Many urban centres in India have grown rapidly and haphazardly since the time they were first habituated. Many cities have clusters which have old structures that have rendered a personality to the area. While redevelopment of individual old buildings rob the area of this ethos, it also puts tremendous stress on the civic authorities. In contrast, cluster redevelopment helps envision the entire area in a different way. It helps add facilities for a community-centric life and eases the load on the civic administration. But India still needs to develop a vision for cluster redevelopment. To exemplify, Bhendi Bazaar area has only one tree at present. The tree cover will be increased substantially in the redevelopment process.

Q. What are the challenges for cluster redevelopment in India?

A. Cluster redevelopment is a massive thing. To add to it, there is credibility crisis in major Indian cities when it comes to the reputation of the builders. That is why the government needs to act as a guarantor of rights to gain people’s faith in the process. Each individual builder should not be given the liberty to choose which area he or she will develop. The community should define the cluster and the area which needs to be redesigned. A detailed plan of redesign should be drawn. There is problem of cluster development because credibility of builders is not good, at least in Mumbai. The framework is lacking because the view is individual building-centric and not cluster-centric. We have given suggestions to the government, since we are the first cluster redevelopment project. There are peculiar problems faced by cluster redevelopment projects. The areas where these projects are taken up have crumbling infrastructures, they are cluttered. The priority is to retain the personality of an area and provide facilities.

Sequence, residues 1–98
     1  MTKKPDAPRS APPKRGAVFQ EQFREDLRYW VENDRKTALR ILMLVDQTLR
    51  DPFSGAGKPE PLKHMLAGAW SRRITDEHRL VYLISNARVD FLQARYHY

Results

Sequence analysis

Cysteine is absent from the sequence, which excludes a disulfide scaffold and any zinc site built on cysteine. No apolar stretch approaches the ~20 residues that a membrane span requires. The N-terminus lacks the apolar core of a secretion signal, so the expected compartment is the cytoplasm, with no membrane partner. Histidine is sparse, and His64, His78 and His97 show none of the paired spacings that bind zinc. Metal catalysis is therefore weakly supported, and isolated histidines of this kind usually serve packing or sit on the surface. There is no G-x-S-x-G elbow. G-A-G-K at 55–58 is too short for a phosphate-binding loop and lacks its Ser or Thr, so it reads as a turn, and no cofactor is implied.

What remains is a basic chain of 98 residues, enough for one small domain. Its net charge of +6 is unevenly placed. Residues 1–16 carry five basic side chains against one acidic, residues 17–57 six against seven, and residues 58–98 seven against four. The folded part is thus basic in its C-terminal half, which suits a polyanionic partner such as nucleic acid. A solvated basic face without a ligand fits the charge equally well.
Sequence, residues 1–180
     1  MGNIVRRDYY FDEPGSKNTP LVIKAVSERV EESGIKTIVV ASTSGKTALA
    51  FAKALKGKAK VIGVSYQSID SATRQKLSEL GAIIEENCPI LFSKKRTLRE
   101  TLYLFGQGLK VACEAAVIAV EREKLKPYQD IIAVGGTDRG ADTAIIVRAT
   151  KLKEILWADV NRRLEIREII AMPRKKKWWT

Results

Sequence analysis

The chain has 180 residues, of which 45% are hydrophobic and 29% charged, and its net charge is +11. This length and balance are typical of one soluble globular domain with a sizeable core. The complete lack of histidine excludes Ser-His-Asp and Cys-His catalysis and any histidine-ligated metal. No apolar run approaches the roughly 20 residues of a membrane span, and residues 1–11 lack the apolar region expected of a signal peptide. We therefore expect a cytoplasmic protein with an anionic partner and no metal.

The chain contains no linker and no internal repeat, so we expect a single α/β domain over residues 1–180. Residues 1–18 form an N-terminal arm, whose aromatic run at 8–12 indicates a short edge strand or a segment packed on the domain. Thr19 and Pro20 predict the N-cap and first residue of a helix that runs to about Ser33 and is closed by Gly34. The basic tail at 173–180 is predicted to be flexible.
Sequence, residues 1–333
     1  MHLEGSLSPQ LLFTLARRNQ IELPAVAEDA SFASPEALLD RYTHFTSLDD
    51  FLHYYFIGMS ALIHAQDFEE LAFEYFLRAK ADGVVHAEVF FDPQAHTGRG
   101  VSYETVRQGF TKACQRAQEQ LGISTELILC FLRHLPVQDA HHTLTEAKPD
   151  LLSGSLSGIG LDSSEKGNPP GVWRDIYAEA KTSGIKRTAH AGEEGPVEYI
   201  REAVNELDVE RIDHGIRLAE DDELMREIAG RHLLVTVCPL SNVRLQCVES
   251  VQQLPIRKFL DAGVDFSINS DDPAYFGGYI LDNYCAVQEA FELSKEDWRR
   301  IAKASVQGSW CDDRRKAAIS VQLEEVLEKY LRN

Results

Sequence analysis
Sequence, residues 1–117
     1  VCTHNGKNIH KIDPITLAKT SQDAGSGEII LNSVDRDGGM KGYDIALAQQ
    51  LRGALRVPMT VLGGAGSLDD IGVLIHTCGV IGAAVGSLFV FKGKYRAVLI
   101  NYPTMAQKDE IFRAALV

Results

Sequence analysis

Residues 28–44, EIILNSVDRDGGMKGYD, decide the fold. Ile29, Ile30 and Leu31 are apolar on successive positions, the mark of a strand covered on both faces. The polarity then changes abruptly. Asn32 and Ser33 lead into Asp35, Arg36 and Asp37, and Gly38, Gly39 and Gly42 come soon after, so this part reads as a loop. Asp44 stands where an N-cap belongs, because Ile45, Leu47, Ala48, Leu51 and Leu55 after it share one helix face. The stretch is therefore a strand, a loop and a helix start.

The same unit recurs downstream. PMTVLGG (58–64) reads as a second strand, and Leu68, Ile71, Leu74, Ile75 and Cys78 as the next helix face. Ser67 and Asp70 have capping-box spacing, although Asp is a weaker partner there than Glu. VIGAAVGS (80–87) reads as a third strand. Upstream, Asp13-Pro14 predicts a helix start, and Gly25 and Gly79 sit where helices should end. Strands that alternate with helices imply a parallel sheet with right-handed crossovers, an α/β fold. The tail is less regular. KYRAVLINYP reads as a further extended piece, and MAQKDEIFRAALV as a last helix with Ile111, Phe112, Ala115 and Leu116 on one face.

Q. Your expectations from the government for better regulatory framework for cluster redevelopment.